View Full Version : Immunoglobulin Deficiency in Cavaliers (IGA Disorder)

15th January 2007, 08:31 PM
Does anyone know much about this disorder, whether there is any treatments or if they grow out of it???

Harvey has seemed from day one to have one problem or another - his on going diarrhea problems and he has had a cough for weeks which every time i have mentioned it to the vet they have just said its nothing.

Harvey had tests on his stools and they all came up clear and when my cats then started coughing too i knew something wasnt right.

I pushed for them to do something about Harvey's cough telling them that the cats now had it too - they said that it wasnt possible for the cats to have caught something from Harvey and that bugs were not passed from dogs to cats.

Anyway they sent off his tests last week and i just received a call from the vets tonight.

It turns out that poor harvey has a very bad case of Bronchitis and that the cats probably have it too.

She went on to say that in having a discussion with a collegue they think with all the diarrhea etc its possible that Harvey has IGA!!!

They want to take a blood sample from Harvey and send it off to America to be tested for IGA and in the mean time give Harvey and the cats tablets to help the chest infection.

I have just tried to do some research on the net and have not come up with much......

Has anyone else come accross this disorder????

15th January 2007, 09:22 PM
I have never heard of this disorder, but it sounds like you may have to find a new vet! It's a good thing you were persistant!

15th January 2007, 09:32 PM
When you google it, with Cavaliers being the third word, there are a couple of articles.

I'm not sure of the implications....but it seems to be related to respiratory infections.

Good luck, hope your Harvey is feeling better soon! :flwr: :flwr:

15th January 2007, 09:58 PM
I found this on Cavaliers:
"Deficiency of IgG has been documented in Weimaraners, cavalier King Charles spaniels (CKCS) and as part of a more complex immunodeficiency in Rottweilers and miniature dachshunds. Young, related Weimaraner dogs are reported with multisystemic inflammatory and infectious disease from the age of approximately 15 weeks7,8. These dogs most consistently have subnormal concentration of serum IgG (sometimes with low IgM and IgA) and neutrophil functional defects have also been reported9. Vaccination is thought to act as a trigger factor in this complex disease syndrome10. Young CKCS and miniature dachshunds with pneumonia caused by Pneumocystis carini also have subnormal serum IgG, and lymphocyte function defects have also been documented in affected miniature dachshunds1."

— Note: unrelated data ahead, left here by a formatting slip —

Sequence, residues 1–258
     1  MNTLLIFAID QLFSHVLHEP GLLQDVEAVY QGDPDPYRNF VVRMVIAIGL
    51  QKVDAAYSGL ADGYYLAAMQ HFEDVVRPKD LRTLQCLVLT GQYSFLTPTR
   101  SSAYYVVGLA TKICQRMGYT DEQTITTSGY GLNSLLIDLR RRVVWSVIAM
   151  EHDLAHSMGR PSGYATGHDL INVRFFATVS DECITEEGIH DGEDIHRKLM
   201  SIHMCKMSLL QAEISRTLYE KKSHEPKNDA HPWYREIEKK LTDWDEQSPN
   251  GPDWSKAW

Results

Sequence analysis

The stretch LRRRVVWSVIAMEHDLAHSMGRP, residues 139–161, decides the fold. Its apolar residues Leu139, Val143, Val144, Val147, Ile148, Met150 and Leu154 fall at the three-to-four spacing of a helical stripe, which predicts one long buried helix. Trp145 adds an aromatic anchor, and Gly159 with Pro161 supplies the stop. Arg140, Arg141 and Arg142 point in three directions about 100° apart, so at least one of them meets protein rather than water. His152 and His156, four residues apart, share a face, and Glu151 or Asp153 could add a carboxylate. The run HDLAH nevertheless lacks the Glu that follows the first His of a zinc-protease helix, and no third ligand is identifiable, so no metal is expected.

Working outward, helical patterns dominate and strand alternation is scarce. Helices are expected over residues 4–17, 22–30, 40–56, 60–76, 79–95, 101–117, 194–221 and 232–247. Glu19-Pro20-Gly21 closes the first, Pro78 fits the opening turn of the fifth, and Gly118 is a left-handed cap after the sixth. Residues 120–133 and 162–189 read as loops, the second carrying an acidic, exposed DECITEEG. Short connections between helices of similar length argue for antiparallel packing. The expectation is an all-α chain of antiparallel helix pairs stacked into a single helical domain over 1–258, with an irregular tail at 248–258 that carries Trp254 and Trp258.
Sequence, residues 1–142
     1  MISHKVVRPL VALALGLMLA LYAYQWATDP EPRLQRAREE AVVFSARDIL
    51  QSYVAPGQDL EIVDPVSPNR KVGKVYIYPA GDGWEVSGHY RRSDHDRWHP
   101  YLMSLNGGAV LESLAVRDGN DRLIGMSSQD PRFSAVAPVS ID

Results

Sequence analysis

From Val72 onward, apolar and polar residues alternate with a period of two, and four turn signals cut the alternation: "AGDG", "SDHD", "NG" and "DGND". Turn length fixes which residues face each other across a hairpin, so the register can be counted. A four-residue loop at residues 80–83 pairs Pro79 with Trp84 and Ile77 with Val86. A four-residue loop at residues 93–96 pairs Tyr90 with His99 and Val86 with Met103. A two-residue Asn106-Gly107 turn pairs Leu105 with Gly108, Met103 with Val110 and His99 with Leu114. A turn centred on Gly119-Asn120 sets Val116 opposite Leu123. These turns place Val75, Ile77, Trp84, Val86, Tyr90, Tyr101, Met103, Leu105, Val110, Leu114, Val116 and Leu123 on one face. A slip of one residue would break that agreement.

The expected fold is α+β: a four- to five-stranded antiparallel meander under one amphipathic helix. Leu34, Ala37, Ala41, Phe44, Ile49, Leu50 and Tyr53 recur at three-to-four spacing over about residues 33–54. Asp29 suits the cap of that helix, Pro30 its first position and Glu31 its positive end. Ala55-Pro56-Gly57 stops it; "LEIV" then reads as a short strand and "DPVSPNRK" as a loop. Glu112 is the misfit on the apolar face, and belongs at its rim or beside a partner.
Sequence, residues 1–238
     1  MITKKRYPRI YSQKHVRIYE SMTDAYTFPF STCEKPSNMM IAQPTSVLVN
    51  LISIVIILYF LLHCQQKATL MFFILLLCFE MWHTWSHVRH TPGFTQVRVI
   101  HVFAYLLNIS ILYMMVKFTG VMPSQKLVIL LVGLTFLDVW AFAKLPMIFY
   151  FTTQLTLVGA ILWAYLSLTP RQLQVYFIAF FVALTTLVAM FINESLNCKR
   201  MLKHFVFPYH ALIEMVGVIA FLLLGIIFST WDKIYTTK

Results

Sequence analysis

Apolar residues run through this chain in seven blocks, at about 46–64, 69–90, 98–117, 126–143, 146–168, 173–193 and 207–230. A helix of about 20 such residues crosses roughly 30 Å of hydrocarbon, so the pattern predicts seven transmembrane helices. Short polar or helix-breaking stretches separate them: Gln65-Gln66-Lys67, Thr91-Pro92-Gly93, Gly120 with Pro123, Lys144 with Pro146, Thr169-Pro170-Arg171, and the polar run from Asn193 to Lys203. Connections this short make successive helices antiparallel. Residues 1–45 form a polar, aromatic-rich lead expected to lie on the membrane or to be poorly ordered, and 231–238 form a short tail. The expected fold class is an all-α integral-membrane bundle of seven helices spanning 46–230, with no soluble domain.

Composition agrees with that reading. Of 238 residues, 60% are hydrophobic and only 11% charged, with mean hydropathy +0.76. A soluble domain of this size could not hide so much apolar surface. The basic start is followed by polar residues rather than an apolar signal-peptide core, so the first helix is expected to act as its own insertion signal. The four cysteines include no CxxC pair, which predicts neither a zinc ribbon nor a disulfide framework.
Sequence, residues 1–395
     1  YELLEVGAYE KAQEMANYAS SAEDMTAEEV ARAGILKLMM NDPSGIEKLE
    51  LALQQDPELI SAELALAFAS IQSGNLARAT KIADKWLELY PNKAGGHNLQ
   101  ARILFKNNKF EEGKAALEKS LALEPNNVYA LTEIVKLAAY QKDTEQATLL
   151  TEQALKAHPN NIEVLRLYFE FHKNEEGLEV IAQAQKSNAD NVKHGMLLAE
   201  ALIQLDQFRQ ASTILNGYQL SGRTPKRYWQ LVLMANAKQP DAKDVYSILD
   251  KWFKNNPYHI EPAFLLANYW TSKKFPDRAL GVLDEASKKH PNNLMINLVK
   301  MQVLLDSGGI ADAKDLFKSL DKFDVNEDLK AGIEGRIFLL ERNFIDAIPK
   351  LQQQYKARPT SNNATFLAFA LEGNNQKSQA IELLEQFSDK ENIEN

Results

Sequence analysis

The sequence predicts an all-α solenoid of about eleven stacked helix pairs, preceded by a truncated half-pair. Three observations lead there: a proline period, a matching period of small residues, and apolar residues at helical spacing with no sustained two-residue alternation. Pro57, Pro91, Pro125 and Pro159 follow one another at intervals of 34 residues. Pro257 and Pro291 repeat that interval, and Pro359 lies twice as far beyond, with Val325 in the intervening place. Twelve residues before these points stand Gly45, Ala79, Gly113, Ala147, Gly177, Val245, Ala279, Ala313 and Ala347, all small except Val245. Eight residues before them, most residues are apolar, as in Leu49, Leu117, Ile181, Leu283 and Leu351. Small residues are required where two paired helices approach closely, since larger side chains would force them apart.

There is more here if your interested in the whole article:

15th January 2007, 10:02 PM
My cavaliers have been the (ironically) healthiest breed of dog I've had. I've brought in kennel cough to the home only have three dogs get it --- all very mild and gone within a week. We've had individual dogs get ill occasionally and told by the vet that this virus is going around like wildfire-- don't be surprised if all your dogs get it and no one else gets it.
Your immune system is suppose to learn from the diseases it gets-- when your immune system doesn't work right, it doesn't seem to ever get better for long. There are different degrees of immunoglobulin deficiency disorders. That is all I have heard about this disorder. I hope they are wrong and he just has a virulent bug. Sandy

15th January 2007, 10:10 PM
My 8 Year Old Daughter ~ Human~ has IGG

( If this is perhaps what your vet said)
Im working on 5th grade homework at the moment....but Please P.M. me and I can tell you what we have gone thru with her...

15th January 2007, 10:15 PM
At the moment apart from the cough which is kinda like a chesty cough with the sound of him maybe bringing up gunk (flem) but nothing actually comes out (he is on antibiotics) the cough only seems to happen 2 / 3 times a day!

So apart from the cough he seems very happy and healthy - his stools are solid and healthy (while he's on the Hills ID tinned food) he drinks well - plays well and has bright eyes!!!

He has had a very difficault start in life with the fracture to his leg which thankfully is all healed now, and the upset tummy and chest infection - I just hope that they have got this wrong!!!